What is Remote Desktop Protocol?
Remote Desktop Protocol (RDP) is a proprietary protocol developed by Microsoft, which provides a user with a graphical interface to connect to another computer over a network connection. The user employs RDP client software for this purpose, while the other computer must run RDP server software.
Remote Desktop Protocol (RDP) is a Microsoft protocol designed to facilitate application data transfer security and encryption between client users, devices and a virtual network server. It enables a remote user to add a graphical interface to the desktop of another computer. Based on the ITU-T.120 protocol set, RDP is compatible with multiple types of local area network (LAN) protocols and topologies
Noteworthy properties of Remote Desktop Protocol ( RDP ) include
- smart card authentication,
- bandwidth reduction,
- resource sharing,
- the ability to use multiple displays and the ability to disconnect temporarily without logging off.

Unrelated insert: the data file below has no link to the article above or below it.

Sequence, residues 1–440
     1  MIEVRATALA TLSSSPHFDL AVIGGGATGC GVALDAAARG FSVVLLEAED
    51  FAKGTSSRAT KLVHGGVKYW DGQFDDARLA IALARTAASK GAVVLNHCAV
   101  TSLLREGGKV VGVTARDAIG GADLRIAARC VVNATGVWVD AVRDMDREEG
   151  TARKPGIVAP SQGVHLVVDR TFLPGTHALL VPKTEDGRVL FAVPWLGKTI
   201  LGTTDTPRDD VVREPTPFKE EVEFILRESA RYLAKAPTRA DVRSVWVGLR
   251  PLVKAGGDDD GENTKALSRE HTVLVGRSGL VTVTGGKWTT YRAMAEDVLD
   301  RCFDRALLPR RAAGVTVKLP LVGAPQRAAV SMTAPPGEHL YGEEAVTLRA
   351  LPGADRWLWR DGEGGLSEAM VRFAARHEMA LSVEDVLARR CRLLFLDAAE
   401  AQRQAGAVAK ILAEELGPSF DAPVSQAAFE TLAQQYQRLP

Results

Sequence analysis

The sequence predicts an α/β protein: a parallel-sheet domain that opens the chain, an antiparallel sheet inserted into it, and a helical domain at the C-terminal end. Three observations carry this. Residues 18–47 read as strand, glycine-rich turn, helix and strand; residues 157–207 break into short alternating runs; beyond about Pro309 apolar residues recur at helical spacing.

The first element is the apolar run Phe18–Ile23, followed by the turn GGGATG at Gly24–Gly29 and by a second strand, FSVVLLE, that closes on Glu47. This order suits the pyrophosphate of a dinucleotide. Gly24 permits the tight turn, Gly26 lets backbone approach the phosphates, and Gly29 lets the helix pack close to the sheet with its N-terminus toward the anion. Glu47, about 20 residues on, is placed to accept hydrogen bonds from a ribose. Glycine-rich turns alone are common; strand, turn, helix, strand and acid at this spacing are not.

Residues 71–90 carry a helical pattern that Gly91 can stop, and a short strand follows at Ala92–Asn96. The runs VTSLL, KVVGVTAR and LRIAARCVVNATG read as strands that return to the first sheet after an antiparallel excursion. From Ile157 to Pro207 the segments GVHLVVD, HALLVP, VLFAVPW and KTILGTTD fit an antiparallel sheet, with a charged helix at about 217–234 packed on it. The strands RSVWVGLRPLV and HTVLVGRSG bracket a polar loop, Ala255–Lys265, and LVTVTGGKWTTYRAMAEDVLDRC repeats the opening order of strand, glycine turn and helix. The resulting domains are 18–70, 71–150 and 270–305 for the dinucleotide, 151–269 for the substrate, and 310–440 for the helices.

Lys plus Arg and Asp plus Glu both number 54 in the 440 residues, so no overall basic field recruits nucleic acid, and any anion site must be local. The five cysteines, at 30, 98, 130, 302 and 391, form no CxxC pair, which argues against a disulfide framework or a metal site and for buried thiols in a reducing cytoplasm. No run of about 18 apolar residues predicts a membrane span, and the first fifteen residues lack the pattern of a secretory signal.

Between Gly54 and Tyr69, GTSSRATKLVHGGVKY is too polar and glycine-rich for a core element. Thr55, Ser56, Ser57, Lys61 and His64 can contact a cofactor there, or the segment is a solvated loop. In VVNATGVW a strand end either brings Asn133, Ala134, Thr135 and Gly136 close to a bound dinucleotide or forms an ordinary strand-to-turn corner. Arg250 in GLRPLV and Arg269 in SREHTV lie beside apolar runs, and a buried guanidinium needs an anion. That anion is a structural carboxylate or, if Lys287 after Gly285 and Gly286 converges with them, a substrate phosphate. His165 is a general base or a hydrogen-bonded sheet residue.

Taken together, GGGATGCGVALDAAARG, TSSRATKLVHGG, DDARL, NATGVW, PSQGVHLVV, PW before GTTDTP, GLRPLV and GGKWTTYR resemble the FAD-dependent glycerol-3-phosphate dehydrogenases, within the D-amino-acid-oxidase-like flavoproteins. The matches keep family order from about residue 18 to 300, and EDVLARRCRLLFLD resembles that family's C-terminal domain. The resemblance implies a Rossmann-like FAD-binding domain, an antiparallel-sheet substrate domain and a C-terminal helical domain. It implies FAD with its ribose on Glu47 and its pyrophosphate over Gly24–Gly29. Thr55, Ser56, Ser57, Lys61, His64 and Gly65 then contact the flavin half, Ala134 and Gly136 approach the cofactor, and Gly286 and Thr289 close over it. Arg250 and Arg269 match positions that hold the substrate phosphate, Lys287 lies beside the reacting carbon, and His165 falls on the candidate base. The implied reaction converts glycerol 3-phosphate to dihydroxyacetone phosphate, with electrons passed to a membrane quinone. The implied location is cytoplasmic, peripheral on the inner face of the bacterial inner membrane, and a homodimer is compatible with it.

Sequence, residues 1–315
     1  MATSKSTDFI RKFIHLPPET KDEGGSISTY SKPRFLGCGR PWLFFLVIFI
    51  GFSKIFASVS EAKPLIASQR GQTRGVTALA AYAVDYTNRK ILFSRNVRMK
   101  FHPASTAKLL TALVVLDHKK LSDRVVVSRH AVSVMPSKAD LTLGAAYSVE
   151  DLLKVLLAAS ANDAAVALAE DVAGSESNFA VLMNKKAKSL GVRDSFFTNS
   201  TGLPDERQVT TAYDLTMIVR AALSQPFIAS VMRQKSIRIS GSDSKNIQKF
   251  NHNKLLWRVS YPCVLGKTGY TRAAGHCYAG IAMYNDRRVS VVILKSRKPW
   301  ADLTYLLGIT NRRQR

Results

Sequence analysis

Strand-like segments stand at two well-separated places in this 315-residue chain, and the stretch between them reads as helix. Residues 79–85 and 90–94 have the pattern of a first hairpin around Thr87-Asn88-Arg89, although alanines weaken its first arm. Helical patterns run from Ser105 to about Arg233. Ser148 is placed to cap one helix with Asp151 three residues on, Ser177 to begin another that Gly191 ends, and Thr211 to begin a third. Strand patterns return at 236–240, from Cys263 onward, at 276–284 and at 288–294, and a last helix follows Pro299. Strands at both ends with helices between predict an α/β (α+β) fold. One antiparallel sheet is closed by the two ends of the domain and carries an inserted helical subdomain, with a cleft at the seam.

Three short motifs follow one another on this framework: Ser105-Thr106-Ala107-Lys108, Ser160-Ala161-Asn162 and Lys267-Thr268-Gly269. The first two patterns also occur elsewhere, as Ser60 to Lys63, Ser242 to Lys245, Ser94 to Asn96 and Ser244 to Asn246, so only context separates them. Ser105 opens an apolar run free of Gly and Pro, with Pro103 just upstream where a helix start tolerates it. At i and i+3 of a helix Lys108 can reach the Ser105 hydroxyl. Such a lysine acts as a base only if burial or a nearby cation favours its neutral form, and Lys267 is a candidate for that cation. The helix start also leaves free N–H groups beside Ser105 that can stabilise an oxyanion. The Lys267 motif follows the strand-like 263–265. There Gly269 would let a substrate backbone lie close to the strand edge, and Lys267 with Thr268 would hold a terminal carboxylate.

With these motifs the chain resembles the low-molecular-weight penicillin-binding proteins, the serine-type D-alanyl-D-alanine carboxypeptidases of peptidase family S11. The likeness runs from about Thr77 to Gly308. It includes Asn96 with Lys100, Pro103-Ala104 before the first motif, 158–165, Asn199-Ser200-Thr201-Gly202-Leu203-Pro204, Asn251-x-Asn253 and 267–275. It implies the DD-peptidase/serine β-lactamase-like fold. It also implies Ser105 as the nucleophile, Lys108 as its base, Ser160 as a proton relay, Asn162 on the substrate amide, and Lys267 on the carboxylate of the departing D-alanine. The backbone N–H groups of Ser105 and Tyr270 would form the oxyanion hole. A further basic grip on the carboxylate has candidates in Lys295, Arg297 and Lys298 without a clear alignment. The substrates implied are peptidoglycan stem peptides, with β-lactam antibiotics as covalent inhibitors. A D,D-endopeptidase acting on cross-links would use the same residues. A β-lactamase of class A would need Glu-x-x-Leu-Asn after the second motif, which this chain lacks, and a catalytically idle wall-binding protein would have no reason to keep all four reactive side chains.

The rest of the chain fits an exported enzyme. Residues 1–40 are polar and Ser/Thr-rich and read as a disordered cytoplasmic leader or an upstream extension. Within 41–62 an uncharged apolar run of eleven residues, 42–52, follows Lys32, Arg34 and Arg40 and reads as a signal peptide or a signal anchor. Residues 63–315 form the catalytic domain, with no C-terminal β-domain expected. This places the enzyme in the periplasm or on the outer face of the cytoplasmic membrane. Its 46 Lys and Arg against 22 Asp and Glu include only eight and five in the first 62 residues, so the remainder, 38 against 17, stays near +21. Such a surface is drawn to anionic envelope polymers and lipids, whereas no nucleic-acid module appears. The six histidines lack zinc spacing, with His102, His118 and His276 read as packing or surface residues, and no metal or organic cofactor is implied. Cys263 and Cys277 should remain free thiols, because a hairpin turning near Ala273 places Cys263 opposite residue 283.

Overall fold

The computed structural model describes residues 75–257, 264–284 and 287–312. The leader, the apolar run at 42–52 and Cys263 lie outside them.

- RDP also allows redirection of functions such as audio and printing.
RDP can support up to 64,000 independent channels for data transmission. Data can be encrypted using 128-bit keys and the bandwidth reduction feature optimizes the data transfer rate in low-speed connections.
Remote Desktop Protocol (RDP) provides support for the following services:
- Mouse and user keyboard data encryption
- Audio, printer, port and file redirection
- Clipboard sharing between a remote server and a local client
- Remote desktop applications run on client machines using a remote desktop connection
- Remote Desktop Services (RDS), which provides RDP functionality via Windows 2008 R2 with Service Pack 1 (SP1)
Multiple features were added to Remote Desktop Protocol (RDP) version 6.0, which was released in 2011. These include Aeroglass remoting, Windows Media Player (WMP) redirection, multiple monitor support, Windows Presentation Foundation (WPF) applications and remoting.
RDP is also implemented on non-Microsoft platforms. For example, “rdesktop” is a command line client used on Unix and Linux platforms.
Credit: Google and Wikipedia